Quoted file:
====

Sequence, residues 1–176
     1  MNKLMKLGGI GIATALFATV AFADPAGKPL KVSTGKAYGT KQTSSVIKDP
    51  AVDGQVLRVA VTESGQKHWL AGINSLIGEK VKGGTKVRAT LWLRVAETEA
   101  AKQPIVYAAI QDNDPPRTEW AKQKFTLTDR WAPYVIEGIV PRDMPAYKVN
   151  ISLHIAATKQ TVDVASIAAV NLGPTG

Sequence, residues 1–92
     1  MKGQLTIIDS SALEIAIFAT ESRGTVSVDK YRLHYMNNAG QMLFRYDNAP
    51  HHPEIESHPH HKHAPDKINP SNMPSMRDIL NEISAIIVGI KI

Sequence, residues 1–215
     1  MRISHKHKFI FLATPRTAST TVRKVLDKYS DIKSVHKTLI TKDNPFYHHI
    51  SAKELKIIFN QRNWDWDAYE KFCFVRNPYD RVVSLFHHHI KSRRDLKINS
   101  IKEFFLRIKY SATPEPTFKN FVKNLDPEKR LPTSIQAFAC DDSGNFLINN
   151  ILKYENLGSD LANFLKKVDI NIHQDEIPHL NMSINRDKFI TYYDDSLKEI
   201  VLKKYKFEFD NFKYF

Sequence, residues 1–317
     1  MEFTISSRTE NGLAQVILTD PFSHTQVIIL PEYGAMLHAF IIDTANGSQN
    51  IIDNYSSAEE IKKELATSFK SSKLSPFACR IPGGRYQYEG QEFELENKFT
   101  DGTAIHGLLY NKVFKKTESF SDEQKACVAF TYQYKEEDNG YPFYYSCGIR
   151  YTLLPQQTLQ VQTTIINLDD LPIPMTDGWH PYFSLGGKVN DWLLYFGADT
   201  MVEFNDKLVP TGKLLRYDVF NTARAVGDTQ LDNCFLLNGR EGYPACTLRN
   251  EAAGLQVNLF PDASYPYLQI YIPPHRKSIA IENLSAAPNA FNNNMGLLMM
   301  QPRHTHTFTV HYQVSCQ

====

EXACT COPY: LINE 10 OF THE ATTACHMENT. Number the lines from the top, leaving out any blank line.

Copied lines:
     1  MRISHKHKFI FLATPRTAST TVRKVLDKYS DIKSVHKTLI TKDNPFYHHI